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Stargardt Disease (STGD)

Stargardt disease is a genetic eye disorder that leads to retinal degeneration and vision loss, representing the most prevalent type of inherited macular degeneration. The gradual loss of vision in Stargardt disease results from the degeneration of photoreceptor cells in the macula, the central part of the retina. Our company is fully equipped to support your drug and therapy development requirements for treating Stargardt Disease.

Overview of Stargardt Disease

Stargardt disease, the most common form of inherited macular degeneration, affects approximately 1 in 8,000 to 10,000 people. It typically presents in childhood or adolescence and leads to progressive vision loss due to mutations in the ABCA4 gene, which causes toxic lipid byproducts to accumulate in the retina. Recent research has focused on developing therapies to slow disease progression.

The ABCA4 exon map.Fig. 1 The ABCA4 exon map, showing the reading frame and the functional protein domains encoded by the corresponding exons. (Huang, D., et al., 2022)

Pathogenesis of Stargardt Disease

The pathogenesis of Stargardt disease primarily involves mutations in the ABCA4 gene, which is responsible for the transport of retinoids in photoreceptor cells. These mutations impair the function of the ABCA4 protein, leading to the failure in the transport of N-retinylidene-phosphatidylethanolamine (N-ret-PE) across the disc membrane. This failure results in the accumulation of toxic bis-retinoids like A2E in the retinal pigment epithelium (RPE), causing RPE dysfunction and cell death. Consequently, this leads to the progressive degeneration of photoreceptor cells and vision loss.

The pathogenesis of Stargardt disease.Fig. 1 schematic showing the retinoid cycle. (Huang, D., et al., 2022)

New Diagnostic Approaches of Stargardt Disease

  • Genetic Sequencing: The primary method for diagnosing Stargardt disease is through genetic testing, focusing on mutations in the ABCA4 gene. Whole exome sequencing (WES) has emerged as a robust tool for identifying these mutations.
  • Next-Generation Sequencing (NGS): NGS technologies have enhanced the accuracy and scope of genetic testing for inherited retinal diseases, including Stargardt disease. NGS allows for the simultaneous analysis of multiple genes, making it possible to identify both common and rare mutations associated with the disease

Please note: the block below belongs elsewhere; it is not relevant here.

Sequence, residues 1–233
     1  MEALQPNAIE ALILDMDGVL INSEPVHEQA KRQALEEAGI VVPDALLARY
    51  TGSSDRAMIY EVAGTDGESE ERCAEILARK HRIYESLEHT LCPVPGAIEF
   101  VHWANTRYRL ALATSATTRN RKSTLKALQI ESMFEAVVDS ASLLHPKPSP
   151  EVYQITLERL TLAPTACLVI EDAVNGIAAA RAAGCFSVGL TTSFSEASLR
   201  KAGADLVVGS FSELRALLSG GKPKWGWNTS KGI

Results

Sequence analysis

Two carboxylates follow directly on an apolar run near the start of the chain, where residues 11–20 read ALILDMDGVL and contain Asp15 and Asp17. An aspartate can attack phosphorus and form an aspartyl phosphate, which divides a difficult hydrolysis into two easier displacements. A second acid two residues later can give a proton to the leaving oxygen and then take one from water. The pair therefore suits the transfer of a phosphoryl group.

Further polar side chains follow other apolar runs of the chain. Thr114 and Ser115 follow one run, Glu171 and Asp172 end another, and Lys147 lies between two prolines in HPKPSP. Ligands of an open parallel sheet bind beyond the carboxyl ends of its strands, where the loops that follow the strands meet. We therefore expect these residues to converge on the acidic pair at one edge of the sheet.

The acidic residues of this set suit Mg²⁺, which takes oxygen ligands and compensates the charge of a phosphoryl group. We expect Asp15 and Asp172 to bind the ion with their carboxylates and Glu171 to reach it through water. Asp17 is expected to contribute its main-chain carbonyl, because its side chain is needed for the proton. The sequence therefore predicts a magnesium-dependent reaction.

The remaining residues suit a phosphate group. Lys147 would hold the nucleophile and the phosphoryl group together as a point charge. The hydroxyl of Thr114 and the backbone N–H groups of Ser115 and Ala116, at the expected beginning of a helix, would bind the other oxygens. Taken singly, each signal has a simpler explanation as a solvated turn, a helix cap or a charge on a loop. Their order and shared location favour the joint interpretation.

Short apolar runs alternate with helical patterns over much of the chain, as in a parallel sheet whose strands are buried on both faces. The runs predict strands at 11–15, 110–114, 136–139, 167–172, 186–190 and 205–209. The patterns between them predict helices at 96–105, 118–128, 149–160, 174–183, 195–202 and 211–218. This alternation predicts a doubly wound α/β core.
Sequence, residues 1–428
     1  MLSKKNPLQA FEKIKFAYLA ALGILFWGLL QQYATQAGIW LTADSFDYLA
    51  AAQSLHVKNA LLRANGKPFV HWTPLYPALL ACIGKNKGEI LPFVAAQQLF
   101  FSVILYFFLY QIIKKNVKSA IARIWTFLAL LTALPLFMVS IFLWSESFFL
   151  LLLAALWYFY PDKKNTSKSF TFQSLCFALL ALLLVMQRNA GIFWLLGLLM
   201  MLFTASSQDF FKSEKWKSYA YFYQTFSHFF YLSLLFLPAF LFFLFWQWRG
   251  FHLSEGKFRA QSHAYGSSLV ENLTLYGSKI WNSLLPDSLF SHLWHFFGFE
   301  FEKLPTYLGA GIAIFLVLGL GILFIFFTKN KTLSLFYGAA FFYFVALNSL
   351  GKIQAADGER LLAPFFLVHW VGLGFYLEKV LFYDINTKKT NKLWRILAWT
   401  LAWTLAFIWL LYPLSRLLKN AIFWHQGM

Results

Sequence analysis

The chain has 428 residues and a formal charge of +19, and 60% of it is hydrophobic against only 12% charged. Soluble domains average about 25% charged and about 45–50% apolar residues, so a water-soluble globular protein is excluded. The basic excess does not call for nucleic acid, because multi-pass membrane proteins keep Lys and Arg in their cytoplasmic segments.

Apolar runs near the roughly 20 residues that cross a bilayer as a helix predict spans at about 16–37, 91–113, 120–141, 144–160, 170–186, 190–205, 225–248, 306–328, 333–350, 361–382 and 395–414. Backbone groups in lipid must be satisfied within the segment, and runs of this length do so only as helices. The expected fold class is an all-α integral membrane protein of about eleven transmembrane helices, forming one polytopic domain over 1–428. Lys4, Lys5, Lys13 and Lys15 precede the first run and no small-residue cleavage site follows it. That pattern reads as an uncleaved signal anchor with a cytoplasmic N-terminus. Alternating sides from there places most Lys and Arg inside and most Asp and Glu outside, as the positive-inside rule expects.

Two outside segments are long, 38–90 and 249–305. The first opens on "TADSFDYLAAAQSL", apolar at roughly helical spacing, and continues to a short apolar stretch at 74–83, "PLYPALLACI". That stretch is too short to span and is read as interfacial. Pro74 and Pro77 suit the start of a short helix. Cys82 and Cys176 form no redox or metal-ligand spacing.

Therapeutics  Development of Stargardt Disease

Small Molecule Drugs

Small molecule drugs aim to modulate biochemical pathways involved in Stargardt disease to slow down or prevent the accumulation of toxic lipofuscin in the retina. Emixustat Hydrochloride is designed to inhibit RPE65, an enzyme involved in the visual cycle. By inhibiting RPE65, emixustat reduces the formation of toxic retinal byproducts.

Gene Therapies

Gene therapies aim to correct the underlying genetic defect in Stargardt disease by delivering functional copies of the ABCA4 gene or modulating gene expression. Adeno-associated virus (AAV) vectors are commonly used to deliver the correct version of the ABCA4 gene to retinal cells. Early results showing potential improvements in retinal structure and function.

Cell Therapies

Cell therapies aim to replace or repair the damaged retinal cells in Stargardt disease, particularly the RPE and photoreceptors. One promising approach involves the transplantation of RPE cells derived from human embryonic stem cells. These cells replace the dysfunctional RPE cells in Stargardt disease individuals.

Monoclonal Antibodies

Monoclonal antibodies are designed to target specific proteins or pathways involved in the disease process.  Anti-Lipofuscin antibodies could bind to the toxic components of lipofuscin, facilitating their removal and potentially slowing the progression of Stargardt disease.

Our Services

Our company adopts a partnership-driven approach. We collaborate closely with clients to craft tailored, innovative Stargardt Disease therapy strategies and ensure robust support throughout the process.

Platforms of Stargardt Disease Therapy Development

Animal Models of Stargardt Disease

We have established expertise in developing and utilizing relevant animal models that closely mimic the disease characteristics and response to therapy. These models enable us to evaluate the safety and efficacy of potential therapies.

Non-Genetically Engineering Models
We provide diverse model choices customized to meet specific research needs related to Stargardt Disease. These models allow researchers to simulate and study the complex biological processes associated with Stargardt Disease.
Optional Models
  • A2E-Induced Retinal Degeneration Model
  • Vitamin A Metabolism Disruption Model
Genetically Engineered Models
Our expertise in genetic engineering techniques, such as CRISPR/Cas9 technology, allows us to generate accurate and reliable models that recapitulate the genetic alterations observed in human Stargardt Disease.
Optional Models
  • ABCA4 Knockout Mouse Model
  • ELOVL4 Mutation Knock-in Mouse Model
  • PROM1 Arg373Cys Knock-in Mouse Model
  • RDH8/RDH12 Double Knockout Mouse Model
  • ELOVL4 5-bp Deletion Knock-in Mouse Model
  • PROM1 Knockout  Mouse Model
Optional Species Mice, Rats, Non-human primates, Others

Beyond these models, our extensive services also include additional models that focus on specific signaling pathways and molecular targets.

Should our services match your objectives, please contact us for more details.


  • Huang, D., et al., "Stargardt disease and progress in therapeutic strategies." Ophthalmic Genet, (2022). 43(1): p. 1-26.
  • Piotter, E., et al., "Therapy Approaches for Stargardt Disease." Biomolecules, (2021). 11(8).

All of our services and products are intended for preclinical research use only and cannot be used to diagnose, treat or manage patients.

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